Dreams take over everything. While many teens dream, Lapsihymy puts his dreams into action. The Finnish producer’s first album follows on the heels of three solid EPs. He’s one of the year’s best rookies, with a timely sound and a broad appeal that is slightly analogous to that of Odesza. With his debut album, he’s also gotten the cover art right. No more blurry snapshots ~ this is the art the music deserves.
The beats are catchy, the ambience a perfect fit. But the highlight of the artist’s music is his use of samples. On “Watching it through my head and it’s beautiful”, a loop of the words “I like you” is accompanied by the repeated pop of a champagne bottle. This is romantic, uplifting music, its stuttered keys like the nervousness of a new suitor. “Alive” is as vibrant as its title, no words this time, just syllables that rise and fall on waves of synth and drum. One can imagine that purple sunset, the plans made for the days and nights and years ahead. And then back to the house for a glass of sima.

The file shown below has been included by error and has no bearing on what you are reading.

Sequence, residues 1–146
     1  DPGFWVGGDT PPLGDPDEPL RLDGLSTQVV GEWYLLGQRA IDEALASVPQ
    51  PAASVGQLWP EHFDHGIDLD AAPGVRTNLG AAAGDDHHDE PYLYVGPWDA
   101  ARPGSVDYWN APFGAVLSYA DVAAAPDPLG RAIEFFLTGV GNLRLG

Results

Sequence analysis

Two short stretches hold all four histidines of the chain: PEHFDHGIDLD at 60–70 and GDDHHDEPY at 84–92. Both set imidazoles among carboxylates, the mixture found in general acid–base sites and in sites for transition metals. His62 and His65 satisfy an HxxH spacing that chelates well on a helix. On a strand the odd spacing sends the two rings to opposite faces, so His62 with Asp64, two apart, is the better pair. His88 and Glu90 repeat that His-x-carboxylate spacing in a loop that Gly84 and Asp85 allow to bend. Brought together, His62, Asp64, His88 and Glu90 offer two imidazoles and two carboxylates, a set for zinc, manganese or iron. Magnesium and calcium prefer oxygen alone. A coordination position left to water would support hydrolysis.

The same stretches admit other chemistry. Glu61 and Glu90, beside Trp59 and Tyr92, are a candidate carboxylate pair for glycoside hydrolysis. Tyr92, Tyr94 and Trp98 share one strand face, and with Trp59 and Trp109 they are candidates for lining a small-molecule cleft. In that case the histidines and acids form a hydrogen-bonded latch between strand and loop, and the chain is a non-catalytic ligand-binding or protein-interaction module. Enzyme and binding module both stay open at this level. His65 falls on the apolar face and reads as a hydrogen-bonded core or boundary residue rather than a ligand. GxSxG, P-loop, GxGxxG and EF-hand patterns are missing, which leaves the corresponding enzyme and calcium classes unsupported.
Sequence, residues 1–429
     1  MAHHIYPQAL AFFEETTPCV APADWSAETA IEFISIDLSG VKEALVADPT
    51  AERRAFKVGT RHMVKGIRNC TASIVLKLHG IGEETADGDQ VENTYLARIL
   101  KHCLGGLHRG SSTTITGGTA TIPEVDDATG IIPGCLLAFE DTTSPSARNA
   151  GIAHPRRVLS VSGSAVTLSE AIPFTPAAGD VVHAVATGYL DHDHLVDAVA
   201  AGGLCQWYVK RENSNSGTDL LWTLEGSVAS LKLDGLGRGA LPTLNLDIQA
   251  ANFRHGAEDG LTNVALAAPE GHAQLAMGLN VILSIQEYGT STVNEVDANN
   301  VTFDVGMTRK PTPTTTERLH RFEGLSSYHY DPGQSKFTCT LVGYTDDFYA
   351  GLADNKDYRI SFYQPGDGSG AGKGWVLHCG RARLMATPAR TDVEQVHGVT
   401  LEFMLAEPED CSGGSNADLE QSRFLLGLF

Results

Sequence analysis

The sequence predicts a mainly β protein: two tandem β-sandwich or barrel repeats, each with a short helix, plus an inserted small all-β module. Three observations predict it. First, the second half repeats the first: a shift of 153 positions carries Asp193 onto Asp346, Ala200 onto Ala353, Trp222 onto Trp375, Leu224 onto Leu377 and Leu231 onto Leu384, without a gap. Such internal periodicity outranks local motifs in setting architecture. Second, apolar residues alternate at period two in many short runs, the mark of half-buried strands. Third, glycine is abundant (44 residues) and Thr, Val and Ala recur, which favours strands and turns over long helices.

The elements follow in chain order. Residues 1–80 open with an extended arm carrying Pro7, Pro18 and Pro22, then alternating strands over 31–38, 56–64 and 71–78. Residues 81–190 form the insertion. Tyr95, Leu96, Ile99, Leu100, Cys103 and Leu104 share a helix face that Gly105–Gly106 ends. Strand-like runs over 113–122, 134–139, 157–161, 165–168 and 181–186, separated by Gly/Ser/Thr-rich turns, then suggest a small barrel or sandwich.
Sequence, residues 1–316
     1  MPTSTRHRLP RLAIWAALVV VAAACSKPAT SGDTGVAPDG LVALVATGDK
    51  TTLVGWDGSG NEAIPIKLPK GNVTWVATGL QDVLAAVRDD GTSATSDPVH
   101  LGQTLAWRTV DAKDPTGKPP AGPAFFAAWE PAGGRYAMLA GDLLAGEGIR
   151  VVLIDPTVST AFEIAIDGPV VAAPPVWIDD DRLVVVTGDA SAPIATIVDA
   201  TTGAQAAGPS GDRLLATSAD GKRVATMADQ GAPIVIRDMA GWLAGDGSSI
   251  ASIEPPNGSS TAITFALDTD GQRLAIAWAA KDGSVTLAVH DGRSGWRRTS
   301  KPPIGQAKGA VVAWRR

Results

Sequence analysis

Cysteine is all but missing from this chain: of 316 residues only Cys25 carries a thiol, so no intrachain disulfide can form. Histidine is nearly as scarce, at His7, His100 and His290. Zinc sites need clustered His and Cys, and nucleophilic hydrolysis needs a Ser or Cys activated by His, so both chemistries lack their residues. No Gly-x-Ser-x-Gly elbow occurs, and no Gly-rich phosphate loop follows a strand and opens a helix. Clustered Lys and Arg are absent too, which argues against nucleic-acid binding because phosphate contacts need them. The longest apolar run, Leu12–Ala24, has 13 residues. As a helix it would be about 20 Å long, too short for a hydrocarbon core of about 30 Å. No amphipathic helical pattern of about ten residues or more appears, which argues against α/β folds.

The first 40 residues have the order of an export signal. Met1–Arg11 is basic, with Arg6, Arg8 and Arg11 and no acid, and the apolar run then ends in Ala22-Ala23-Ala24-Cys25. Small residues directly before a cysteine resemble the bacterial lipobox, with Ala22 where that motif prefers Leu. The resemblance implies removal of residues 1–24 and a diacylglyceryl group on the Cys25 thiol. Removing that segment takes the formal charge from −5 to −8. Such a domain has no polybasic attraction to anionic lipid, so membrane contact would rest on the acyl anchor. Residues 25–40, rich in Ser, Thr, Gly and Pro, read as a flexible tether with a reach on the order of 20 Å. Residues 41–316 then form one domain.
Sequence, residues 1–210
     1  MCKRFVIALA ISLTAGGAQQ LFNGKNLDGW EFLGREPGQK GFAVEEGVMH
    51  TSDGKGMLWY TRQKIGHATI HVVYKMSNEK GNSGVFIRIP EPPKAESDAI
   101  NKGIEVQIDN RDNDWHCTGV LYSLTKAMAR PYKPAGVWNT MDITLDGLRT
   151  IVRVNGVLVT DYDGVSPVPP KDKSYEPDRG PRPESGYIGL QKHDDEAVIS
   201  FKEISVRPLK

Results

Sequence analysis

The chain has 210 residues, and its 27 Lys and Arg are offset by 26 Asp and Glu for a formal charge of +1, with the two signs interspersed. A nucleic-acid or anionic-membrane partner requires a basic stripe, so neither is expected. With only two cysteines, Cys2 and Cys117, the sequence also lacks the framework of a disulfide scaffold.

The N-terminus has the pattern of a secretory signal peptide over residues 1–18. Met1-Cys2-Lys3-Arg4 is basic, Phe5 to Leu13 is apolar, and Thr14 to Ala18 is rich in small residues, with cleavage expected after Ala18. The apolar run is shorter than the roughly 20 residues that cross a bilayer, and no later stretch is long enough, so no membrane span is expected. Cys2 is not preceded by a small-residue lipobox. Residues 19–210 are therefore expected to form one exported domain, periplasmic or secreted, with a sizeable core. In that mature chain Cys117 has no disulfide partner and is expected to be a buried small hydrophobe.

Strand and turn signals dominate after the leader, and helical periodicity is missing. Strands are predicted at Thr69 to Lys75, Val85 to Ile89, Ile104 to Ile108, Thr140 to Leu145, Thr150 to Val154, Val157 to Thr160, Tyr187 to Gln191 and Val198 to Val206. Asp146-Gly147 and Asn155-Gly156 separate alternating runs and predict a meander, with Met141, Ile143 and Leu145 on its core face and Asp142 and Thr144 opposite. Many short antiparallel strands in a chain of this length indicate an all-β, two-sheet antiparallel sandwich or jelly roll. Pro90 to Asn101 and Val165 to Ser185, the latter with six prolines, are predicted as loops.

“Overwhelmed” doesn’t sound overwhelmed, but warm and cozy, borne on clouds of grace. Perhaps it’s meant to be the antidote to a busy schedule; alternating samples operate in dialogue, providing mutual comfort. And if glasses seem shatter in the subsequent track, they do so only as percussion, balanced by the throwback thwang of a synsonic drum. The 16-word title includes a second use of the word “beautiful”, also listed in the tags; Lapsihymy is clearly a beauty seeker, but he’s also a sharer. The title track is highlighted by chimes and a change-up tempo in which certain elements unfold at quarter time, eventually dominating the sound field. This isn’t just beauty; it’s creative beauty.
The album’s outlier arrives at the end, as “Sinä ja minä” (“You and me”) includes a clearer voice than we have grown accustomed to hearing from the artist. But this is the right place to put such a track. The sonic clarity implies that the clouds have rolled away, revealing a perfect romantic peace. Such a feeling is hard to capture, but Lapsihymy does it well. We can only hope that he has found the same peace that he has shared in his music. (Richard Allen)